But because they take as axiomatic that America is good, the realities of this imperialism means nothing to the prayers of the war prayer; and so they pray for the deaths of others.

5) No one could have known it was based on lies, or would go so badly.

Never mind that millions of us said so before the war in this country alone, not to mention the overwhelming majority of the world's population elsewhere. Never mind the abundant warnings about precisely what has happened. Never mind that even the threats warned about were hardly sufficient to justify an aggressive (and hence immoral) war.

Even so, those who said we had to go, and now say 'oops' as if it was a glass they'd broken and not the bodies of hundreds of thousands and the lives and souls of millions more -- even so, they now say we have to stay. At least until September. Or beyond. Or until a Jeffersonian paradise arises from the ashes of what we have burned.

They scream that they couldn't have known, though so many of us did.

But regret is just a word to be mouthed by the prayers of the war prayer; and so they pray for the deaths of others.

6) What are you, a pacifist? Wasn't it right to fight Hitler?

Yet another evasion: retreat to a broad principle to ignore the unbearable facts before them; resort to extreme analogies and inapplicable parallels to ignore the horror they have unleashed, and continue to unleash. Ignore that even in a good cause human beings do immoral and unjust and horrid things. How many of the U.S.'s invasions and wars and toppling of elected governments have been just -- a tiny handful, out of dozens and dozens? How many times will we delude ourselves that we are the noble defender as we ourselves start an invasion, carry it out, and occupy a foreign country?

But all wars are The Good War to the prayers of the war prayer; and so they pray for the deaths of others.

7) Civilian casualties are inevitable in war, but of course we regret them.

This too is a big one: we didn't mean it. Never mind that this depends on us having had some good reason to go to war -- for without it, the "collateral damage" is not even conceivably justified. Never mind that this fact -- that civilian casualties are inevitable in war -- is precisely why we must only go to war as a true last resort, when attacked, and not simply when politicians feel like enhancing their poll numbers or want to be elected or when pundits decide that someone deserves an ass-kicking, it doesn't matter who.

Inevitable collateral damage is only a defense in genuine and measured self-defense: if you defend yourself against a mad gunman by taking out an AK-47 and mowing down not only the gunman but also hundreds of his potential victims trying to hide, no one will care that you were acting in self-defense: you are simply a murderer.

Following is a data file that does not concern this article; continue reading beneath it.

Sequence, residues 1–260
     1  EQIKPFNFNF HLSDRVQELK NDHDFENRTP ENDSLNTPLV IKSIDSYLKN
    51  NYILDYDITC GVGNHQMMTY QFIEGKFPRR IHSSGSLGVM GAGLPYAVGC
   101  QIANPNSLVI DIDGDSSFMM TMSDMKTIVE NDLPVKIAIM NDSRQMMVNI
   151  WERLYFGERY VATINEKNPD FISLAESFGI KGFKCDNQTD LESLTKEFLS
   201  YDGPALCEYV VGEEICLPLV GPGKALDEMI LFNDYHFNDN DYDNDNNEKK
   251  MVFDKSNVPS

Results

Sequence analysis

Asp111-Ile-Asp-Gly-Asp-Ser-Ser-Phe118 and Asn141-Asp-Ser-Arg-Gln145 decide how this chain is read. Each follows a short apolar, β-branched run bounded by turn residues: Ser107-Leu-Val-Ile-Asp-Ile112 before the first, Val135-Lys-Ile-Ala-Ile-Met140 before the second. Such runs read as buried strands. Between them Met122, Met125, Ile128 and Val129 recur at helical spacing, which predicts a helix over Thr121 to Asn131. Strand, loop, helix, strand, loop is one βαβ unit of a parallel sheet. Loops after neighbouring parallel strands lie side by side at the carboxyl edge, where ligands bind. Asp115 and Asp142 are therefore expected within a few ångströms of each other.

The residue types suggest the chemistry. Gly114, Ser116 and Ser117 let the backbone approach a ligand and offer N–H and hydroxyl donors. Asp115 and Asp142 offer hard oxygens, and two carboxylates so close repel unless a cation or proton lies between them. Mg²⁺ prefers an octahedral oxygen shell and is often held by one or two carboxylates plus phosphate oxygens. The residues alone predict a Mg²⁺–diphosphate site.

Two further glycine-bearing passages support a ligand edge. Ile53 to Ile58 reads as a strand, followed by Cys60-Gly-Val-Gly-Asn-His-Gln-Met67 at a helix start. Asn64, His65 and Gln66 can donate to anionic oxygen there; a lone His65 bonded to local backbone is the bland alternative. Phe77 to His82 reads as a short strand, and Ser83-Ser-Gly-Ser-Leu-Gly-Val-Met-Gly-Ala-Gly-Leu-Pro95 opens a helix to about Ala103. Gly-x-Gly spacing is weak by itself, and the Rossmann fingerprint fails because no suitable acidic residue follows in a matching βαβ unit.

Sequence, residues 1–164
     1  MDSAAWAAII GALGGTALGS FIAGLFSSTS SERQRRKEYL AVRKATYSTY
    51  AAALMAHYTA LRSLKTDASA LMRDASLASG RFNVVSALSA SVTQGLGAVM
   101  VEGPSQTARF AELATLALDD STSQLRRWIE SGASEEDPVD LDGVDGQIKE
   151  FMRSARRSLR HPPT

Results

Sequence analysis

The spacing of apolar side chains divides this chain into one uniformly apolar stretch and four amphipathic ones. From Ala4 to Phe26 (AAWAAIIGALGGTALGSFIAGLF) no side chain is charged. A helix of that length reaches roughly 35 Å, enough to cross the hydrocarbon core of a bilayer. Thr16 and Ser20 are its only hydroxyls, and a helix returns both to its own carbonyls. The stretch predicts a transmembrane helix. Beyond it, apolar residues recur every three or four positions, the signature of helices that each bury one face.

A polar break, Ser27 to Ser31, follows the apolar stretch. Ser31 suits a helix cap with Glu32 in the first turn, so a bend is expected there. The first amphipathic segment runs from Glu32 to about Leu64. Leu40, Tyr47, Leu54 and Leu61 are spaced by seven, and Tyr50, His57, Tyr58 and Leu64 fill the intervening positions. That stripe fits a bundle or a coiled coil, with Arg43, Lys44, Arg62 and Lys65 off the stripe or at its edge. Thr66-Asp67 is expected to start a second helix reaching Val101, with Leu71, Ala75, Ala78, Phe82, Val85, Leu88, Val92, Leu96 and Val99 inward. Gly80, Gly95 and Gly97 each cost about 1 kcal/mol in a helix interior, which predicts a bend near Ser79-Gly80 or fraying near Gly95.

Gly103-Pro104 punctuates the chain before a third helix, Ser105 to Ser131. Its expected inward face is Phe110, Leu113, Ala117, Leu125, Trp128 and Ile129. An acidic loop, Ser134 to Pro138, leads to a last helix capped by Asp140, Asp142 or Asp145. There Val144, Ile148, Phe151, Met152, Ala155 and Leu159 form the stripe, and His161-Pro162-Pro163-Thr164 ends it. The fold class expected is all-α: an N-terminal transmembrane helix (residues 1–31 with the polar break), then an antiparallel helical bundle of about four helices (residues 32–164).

But the piles of bodies of those we have killed "accidentally" in pursuit of no good ends at all are rationalized away by the prayers of the war prayer; and so they pray for the deaths of others.

8) They're all just barbarians anyway.

And this is what underlies so many of the rationalizations and evasions. The blood lust that seeps out from between the lines of so many of their writings. And sometimes comes out in the open: when they talk with regret about our adherence to "quaint" norms like the Geneva convention; when they talk about how we need to "take the gloves off"; when they openly regret our overly "gentle" initial approach, and say things like:
What if the tactical mistake we made in Iraq was that we didn't kill enough Sunnis in the early going to intimidate them and make them so afraid of us they would go along with anything? Wasn't the survival of Sunni men between the ages of 15 and 35 the reason there was an insurgency and the basic cause of the sectarian violence now?
That is the basis for some if not all of them: that they don't care, because they long for the deaths of others. Not that they pray for victory ignoring the other half of the prayer: but that they positively revel on both. Bloodlust: the basic bloodlust that is either based on hatred of those who are not like us, or are simply based on a lack of concern for those not like us. Let others die: the poor who are in our army, the many who are brown-skinned and not of our religion in another country far away.

But the lives of people who are not like us mean little or nothing to the prayers of the war prayer; and so they pray for the deaths of others.

* * *

That is why they won't care. Indeed, safely ensconced in those eight reasons, many of them might even watch this film with enjoyment. They might tut-tut about how they -- those awful foreigners -- are indeed just like that, and why don't they see how awful their desire for war is; and never for a moment think that it might equally apply to them.

And now I, too, have spoken in vain. Like Twain, my words will convince no one who is not already convinced. They will say -- at best! -- that I am a lunatic: and there is no sense in what I have said.

But for those with ears to hear, eyes to see, minds to think and consciousnesses to feel, I repeat what you already know, adding my small voice to the chorus of screams in the futile hope that it might somehow reach the ears of the powerful.

Extricandae copiae!



Matt Brady said...

Beautiful essay, Stephen. Sometimes I despair of our country coming to sense, and then I read an eloquent argument like this and I feel some hope that someday we'll rediscover our morals.

Kevin H said...

No, it's not worthless to say such things. Minds can be changed by reasoned argument. You can't give up on it.